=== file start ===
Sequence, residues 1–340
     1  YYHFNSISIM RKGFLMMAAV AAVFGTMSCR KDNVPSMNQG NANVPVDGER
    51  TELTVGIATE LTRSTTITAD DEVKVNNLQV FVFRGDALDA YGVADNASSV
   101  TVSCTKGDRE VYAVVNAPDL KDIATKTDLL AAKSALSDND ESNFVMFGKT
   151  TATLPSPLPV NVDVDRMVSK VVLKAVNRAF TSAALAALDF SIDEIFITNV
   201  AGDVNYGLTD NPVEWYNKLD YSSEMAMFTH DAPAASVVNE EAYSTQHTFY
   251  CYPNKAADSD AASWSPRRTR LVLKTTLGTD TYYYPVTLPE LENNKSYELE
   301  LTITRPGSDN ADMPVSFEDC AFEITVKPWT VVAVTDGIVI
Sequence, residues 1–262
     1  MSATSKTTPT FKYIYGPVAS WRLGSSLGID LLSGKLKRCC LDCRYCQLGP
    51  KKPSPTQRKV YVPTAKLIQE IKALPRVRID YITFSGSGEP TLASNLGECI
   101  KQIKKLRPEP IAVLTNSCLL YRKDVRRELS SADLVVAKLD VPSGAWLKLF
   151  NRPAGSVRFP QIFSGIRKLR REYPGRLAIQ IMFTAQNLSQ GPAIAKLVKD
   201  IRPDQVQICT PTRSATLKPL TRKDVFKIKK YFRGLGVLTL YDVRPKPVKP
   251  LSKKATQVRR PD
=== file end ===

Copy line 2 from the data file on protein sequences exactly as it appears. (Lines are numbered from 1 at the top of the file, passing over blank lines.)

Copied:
     1  YYHFNSISIM RKGFLMMAAV AAVFGTMSCR KDNVPSMNQG NANVPVDGER